We had satay parties to celebrate various individuals and groups that drove productivity to develop a new culture of productivity. We implemented Action-learning projects that engaged employees and built a sense of ownership. In just years, we reaped the result of this culture-based approach.
Datuk Seri Idris Jala, successfully took cash-strapped MAS from the brink of extinction to record profits in two years. Many touted his three-year plan for turnaround as brilliant. Yet, if you review what he has done at MAS, it is the cultural transformation that has driven much of the changes there. Recently, Idris outlined steps he used in transforming MAS from “the game of the impossible” to “divine intervention”. If you listen, he will explain that part of the MAS culture was a worry-free environment where nothing mattered.
Whenever MAS was in trouble, someone would bail it out. Idris built a case for change around the fact that the then Prime Minister said the Government would NOT bail out MAS this time. They had to survive. And he rallied the organisation around this necessity to change its culture. Another step was termed “anchoring everything on the P&L”. Idris was obsessed with having a daily P&L. MAS had a culture where accountability was lacking. By driving this P&L rigour, Idris was changing MAS’ culture from lack of ownership to a new culture of responsibility and personal accountability.
Idris’s other steps, including “discipline of action” and “building a winning coalition”, really tackled other cultural issues at MAS, including lack of empowerment and execution. Profitability Labs, introduced throughout MAS, where people responsible for routes and yields were essentially “locked up” in a room until they came up with a plan to drive profitability and yields, transformed the culture of how MAS employees worked with each other and created a new culture of executing with passion and focus.
This might interest you: Raise Your Game: Creating Change Through Culture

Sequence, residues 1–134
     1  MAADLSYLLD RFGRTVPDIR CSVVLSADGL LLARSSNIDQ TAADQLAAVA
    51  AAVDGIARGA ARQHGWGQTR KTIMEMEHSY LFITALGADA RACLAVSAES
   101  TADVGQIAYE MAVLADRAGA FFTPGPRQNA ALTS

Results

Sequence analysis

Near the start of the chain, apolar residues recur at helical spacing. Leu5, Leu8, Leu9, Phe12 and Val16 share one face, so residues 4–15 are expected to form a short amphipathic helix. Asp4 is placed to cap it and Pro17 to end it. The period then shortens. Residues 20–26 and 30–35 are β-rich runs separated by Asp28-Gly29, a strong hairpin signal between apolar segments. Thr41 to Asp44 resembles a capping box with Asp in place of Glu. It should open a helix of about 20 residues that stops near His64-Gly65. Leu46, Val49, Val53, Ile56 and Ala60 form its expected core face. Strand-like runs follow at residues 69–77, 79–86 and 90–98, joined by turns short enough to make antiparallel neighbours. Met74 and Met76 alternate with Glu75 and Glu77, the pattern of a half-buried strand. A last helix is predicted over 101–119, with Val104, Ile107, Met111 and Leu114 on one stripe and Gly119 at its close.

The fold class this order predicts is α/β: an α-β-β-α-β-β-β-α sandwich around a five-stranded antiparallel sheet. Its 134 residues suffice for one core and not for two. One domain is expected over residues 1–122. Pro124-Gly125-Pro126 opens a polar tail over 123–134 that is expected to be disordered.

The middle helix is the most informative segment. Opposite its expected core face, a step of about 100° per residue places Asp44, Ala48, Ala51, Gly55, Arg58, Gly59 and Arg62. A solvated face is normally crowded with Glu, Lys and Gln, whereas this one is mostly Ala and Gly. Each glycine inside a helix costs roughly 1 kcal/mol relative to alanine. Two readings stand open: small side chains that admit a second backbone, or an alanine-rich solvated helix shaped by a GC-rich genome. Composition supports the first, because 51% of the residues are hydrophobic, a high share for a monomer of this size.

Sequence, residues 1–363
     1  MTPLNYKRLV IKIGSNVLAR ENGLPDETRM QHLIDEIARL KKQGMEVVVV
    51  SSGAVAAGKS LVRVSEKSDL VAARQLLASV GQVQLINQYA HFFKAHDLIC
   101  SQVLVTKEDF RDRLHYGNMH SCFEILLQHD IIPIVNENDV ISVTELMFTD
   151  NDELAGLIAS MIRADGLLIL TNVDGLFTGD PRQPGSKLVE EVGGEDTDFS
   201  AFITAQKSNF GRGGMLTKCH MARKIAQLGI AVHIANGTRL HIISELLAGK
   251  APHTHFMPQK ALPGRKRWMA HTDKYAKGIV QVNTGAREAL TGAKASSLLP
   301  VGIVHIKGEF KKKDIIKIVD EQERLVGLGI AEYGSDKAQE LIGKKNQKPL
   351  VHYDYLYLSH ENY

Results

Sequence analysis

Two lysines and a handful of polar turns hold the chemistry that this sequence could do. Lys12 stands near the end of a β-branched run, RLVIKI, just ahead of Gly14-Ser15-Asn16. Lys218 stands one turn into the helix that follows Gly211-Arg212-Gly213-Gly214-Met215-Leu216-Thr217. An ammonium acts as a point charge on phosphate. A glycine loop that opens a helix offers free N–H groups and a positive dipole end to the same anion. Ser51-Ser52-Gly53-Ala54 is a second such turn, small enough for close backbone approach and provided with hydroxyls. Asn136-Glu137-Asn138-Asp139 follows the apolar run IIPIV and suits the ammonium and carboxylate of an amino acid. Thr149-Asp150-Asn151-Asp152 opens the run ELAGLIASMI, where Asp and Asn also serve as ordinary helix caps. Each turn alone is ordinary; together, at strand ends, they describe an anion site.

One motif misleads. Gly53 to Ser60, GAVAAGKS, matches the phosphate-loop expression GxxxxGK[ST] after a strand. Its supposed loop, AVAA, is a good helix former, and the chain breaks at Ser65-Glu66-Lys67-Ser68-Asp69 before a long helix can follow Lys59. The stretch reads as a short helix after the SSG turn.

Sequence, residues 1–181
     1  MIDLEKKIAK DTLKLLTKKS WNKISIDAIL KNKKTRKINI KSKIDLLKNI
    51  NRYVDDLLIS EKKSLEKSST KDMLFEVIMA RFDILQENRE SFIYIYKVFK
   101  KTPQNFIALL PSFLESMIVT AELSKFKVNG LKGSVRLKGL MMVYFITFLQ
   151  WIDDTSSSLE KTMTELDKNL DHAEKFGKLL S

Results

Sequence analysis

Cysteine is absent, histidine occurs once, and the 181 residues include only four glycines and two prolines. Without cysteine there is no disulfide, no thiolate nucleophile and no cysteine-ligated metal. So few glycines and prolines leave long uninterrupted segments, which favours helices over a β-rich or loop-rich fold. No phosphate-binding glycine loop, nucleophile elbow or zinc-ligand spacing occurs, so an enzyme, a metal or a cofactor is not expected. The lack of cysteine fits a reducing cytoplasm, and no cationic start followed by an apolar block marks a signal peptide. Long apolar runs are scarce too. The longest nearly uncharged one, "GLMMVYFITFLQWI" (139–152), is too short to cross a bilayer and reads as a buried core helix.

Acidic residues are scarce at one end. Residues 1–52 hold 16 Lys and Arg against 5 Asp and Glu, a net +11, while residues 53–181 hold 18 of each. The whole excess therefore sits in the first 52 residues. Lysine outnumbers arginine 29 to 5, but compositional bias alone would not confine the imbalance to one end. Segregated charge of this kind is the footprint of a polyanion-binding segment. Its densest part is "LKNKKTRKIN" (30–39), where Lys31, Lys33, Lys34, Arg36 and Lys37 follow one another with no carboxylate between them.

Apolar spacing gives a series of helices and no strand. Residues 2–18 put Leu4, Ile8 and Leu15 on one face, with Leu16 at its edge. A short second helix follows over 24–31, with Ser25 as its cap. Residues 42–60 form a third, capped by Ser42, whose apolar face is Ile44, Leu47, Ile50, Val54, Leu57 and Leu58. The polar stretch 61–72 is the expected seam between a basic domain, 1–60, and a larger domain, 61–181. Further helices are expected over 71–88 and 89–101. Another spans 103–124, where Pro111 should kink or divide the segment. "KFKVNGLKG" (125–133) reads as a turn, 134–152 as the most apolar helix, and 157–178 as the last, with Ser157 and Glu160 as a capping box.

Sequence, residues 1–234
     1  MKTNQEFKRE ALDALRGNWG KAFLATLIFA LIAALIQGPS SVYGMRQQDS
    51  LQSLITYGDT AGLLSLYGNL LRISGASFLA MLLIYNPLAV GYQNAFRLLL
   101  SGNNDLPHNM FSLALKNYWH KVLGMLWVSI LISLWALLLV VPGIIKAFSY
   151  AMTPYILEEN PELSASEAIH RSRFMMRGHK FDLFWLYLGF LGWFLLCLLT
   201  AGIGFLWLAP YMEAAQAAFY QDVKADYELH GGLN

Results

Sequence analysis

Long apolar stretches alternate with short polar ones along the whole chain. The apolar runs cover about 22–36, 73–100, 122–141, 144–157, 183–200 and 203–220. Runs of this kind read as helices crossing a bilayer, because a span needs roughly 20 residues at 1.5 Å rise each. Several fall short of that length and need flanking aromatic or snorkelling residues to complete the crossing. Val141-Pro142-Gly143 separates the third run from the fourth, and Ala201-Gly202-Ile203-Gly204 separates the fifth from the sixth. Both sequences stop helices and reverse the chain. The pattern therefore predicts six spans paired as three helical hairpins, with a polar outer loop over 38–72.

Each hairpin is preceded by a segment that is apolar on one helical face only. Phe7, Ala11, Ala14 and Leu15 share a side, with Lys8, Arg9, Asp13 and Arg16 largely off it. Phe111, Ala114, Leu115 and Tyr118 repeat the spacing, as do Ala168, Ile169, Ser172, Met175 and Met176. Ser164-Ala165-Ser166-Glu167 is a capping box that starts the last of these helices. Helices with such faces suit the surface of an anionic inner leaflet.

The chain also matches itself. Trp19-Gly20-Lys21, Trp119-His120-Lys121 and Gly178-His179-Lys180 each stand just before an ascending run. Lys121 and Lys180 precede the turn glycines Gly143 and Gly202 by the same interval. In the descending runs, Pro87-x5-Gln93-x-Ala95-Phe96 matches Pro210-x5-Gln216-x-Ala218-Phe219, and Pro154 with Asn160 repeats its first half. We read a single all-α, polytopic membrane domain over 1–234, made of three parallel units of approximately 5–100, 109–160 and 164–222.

The Broken Windows Theory
This theory of culture before process change is not a new one. Psychologists term this the Broken Windows Theory.
In 1992, there were 2,154 murders and 626,182 serious crimes in New York City. Within five years, the murders had dropped by almost 70% and serious crimes dropped by 50%. I happened to be working and living in the city at that period and witnessed the transformation from a dangerous city into one of the safest cities. How did crime just drop within a short period to an all-time low?
David Gunn and William Bratton, two key players in the transformation, practised the Broken Windows theory. The Broken Windows theory states that culture is a key reason why crime is committed and not bad people. So, instead of catching murderers and serious crime offenders, if you manage to change the culture of the place, crime could be reduced. In this case, broken windows in the city symbolised that nobody cared about crime and it was a cultural norm of the city.
Gunn and Bratton went out and focused on the New York City subway system and eliminating petty crimes and fixing all broken windows and graffiti in the city. They worked tirelessly to catch folks that did not pay subway fares and cleaned all graffiti in the subways. With the subways looking cleaner and petty crimes eliminated, it created an impression that crime was not the ‘culture’ of the city. Soon, it started to yield its results and bigger crimes disappeared. It was not a result of focusing on eliminating murderers or special prevention programmes. It was as simple as cleaning up the image of the city, creating a new ‘culture’ which was visible and soon embraced in the city.
And so, if you want to drive change in your school, your city or your organisation, focus on culture. It’s not about copying Idris Jala or Jack Welch’s best practices, because your culture is different. Just fix your “broken windows” and see your new culture drive your transformation efforts.